Tuesday, 11 January 2011

The C Programming Language (K&R) 01x09—Escape Sequences—Exercise 1-10

I am making my way through the book “The C Programming Language” by Brian Kernighan and Dennis Ritchie aka K&R. Some may look at the code in the previous blog posts and go: that’s sloppy, sloppy code. It may be, but that’s not the point. I’m following what’s in the book with minor variations for compiler issues. It’s about the code, but it’s not about the code. Think about it.

Exercise 1-10 from K&R

Write a program to copy its input to its output, replacing each tab by \t, each backspace by \b, and each backslash by \\. This makes tabs and backspaces visible in an unambiguous way.

So I’m writing this code from scratch.

I know what I have to do. First, get input from the keyboard. That’s straightforward. I will use the getchar() function in the <stdio> library.
I then have to test if the character is one of three escape sequences (\t, \b, or \\). If it’s not, I don’t do anything with the character, it gets printed as is. If it is a special case, I have to change it to display: \t, \b, or \\.

I immediately recognize a problem. The variable c, holding the character input, is an integer. Changing the escape sequence to an ASCII literal of “\t” for tab (ASCII 09) is a string of two characters. The getchar() and putchar() functions take a character parameter and c works fine with them. The putchar() function won’t take a string.
I have two options. First, look for a function that will take strings and print it to the console, but at this point in the book, strings haven’t been discussed so I won’t go down that road. Second, use what’s been discussed in the book. That means using putchar() twice for each of these special cases. That’s what I did.

In the special cases, the first character to print will be a backslash. The second character will vary depending on what was typed. I defined a variable, extra, as an integer to hold this extra character.

I use a nested if statement to test for the three conditions. Nesting the code saves on time if one of the conditions is true because the rest of the if statement is bypassed. I could have used a switch statement but it hasn’t been covered yet and I don’t see it as an improvement on the code I have below.

I wrote the code such that the extra variable is either null (‘\0’) or the extra character. If we have an extra character, the code will print a backslash followed by the second character otherwise it prints the c character without changes.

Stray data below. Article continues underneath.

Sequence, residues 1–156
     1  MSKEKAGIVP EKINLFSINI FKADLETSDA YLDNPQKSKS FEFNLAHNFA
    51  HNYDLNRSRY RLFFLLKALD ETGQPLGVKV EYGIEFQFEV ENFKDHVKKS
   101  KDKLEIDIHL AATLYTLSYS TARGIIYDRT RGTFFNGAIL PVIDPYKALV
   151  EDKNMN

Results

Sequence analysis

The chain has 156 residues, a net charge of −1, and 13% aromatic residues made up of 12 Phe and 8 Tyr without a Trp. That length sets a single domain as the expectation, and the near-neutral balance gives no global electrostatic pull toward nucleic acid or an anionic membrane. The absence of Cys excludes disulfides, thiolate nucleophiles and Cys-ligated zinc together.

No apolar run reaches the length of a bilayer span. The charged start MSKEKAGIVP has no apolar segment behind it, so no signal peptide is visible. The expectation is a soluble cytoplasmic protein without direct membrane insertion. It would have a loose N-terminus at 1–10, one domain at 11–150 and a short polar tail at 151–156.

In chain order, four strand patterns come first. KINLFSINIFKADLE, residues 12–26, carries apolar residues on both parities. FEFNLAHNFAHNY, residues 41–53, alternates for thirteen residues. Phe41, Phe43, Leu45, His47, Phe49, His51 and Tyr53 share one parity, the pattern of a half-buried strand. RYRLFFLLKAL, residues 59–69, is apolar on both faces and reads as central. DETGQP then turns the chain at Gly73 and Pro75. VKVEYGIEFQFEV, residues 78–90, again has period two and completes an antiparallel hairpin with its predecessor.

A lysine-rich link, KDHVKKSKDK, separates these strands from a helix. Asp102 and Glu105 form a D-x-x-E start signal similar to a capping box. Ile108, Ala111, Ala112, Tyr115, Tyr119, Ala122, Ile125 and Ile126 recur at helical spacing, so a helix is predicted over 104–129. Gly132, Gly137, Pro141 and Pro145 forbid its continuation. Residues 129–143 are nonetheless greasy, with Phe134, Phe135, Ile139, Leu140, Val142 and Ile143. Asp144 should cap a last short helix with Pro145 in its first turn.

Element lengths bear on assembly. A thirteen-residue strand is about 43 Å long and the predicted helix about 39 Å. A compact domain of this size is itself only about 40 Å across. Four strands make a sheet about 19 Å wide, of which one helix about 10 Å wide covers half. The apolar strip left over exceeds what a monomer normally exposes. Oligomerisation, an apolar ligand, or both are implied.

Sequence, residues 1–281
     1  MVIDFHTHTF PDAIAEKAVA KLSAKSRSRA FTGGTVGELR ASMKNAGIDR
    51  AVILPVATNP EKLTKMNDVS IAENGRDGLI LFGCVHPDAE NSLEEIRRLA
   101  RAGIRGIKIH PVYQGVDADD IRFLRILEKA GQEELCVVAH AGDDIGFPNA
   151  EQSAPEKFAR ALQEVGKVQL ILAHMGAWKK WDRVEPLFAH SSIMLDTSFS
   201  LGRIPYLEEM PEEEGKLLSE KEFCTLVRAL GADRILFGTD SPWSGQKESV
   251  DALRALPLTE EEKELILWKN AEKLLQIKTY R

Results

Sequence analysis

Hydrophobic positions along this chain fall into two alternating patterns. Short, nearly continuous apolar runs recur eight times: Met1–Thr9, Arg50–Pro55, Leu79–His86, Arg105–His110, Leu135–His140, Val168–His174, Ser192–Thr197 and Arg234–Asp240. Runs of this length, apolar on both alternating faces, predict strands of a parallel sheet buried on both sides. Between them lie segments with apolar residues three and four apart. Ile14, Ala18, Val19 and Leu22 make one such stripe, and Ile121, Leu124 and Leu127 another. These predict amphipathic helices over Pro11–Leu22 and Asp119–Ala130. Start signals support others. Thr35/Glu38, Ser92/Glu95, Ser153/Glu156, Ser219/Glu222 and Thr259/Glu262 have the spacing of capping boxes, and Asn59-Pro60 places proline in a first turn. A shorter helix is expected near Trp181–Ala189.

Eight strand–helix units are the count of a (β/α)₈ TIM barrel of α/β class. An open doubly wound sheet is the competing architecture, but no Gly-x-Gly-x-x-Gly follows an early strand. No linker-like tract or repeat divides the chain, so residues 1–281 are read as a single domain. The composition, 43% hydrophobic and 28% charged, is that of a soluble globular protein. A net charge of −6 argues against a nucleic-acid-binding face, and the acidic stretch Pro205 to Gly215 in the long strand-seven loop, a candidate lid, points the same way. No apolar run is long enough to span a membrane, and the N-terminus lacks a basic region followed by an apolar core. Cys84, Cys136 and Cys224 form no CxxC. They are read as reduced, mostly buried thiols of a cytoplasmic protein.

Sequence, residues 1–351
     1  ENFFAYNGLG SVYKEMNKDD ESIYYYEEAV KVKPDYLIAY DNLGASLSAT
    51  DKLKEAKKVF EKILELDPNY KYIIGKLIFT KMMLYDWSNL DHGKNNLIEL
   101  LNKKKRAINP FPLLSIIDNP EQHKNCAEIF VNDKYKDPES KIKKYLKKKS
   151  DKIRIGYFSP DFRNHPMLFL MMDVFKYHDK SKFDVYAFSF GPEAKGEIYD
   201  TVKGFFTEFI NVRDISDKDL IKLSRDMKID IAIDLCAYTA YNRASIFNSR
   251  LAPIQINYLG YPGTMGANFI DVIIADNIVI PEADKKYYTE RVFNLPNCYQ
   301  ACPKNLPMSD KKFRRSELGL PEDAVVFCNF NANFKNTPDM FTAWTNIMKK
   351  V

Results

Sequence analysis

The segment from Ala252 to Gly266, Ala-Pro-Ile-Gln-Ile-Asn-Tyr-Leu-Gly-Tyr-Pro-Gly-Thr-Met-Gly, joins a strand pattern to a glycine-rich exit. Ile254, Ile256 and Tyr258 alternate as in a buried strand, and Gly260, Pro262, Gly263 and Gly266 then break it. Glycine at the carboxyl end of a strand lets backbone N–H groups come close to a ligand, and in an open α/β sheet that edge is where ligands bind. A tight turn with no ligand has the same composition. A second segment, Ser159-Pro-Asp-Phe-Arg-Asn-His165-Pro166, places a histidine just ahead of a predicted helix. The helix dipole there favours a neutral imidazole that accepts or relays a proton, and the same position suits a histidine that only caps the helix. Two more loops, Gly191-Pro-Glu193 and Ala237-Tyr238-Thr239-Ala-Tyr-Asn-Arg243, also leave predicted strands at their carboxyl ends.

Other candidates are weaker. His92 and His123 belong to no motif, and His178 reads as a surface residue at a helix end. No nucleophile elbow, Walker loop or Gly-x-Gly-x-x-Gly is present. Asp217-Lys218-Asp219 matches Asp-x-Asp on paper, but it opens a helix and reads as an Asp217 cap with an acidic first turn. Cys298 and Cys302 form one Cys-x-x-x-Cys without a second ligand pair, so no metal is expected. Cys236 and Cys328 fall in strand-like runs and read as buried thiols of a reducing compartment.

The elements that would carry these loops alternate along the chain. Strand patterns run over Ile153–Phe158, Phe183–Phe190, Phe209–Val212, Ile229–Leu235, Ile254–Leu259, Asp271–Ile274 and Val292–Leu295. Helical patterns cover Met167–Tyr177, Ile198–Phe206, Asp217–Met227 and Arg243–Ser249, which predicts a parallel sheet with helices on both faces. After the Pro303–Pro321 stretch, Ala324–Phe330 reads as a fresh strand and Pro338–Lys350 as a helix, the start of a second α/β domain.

Sample Code.

I am using Visual C++ 2010 and creating the code as a console application.

// The standard library includes the system function.
#include <cstdlib>

// C++ standard I/O library
#include <cstdio>

// Change tab, backspace and backspace
// escape sequences with: \t, \b, \\
int main()
     // Character input variable.
     int c = 0;

     // Extra character for certain escape sequences.
     // Set to null if not a sepcial case.
     int extra = '\0';

     while ((c = getchar()) !=EOF) {
           // Replace tab.
           if (c == '\t')
                extra = 't';
           // Replace backspace.
           // Won't work because of buffer.
           else if (c == '\b')
                extra = 'b';
           // Replace backslash.
           else if (c == '\\')
                extra = '\\';

           // Display output.
           if (extra) {
                // Reset extra char to null.
                extra = '\0';

     // keep console window open

     // return some value
     return 0;
} // end main

Because of the way the getchar() function is implemented in Visual C++ 2010, any backspace entered isn’t passed to the program and never gets executed in this code. Another function without buffering or echoing would solve this problem.

I tested the program by entering the following: a<tab>b<tab>c<tab><enter><enter> \a<tab>\b<tab>\c<tab><enter><enter><ctrl>+Z<enter>

The code works.

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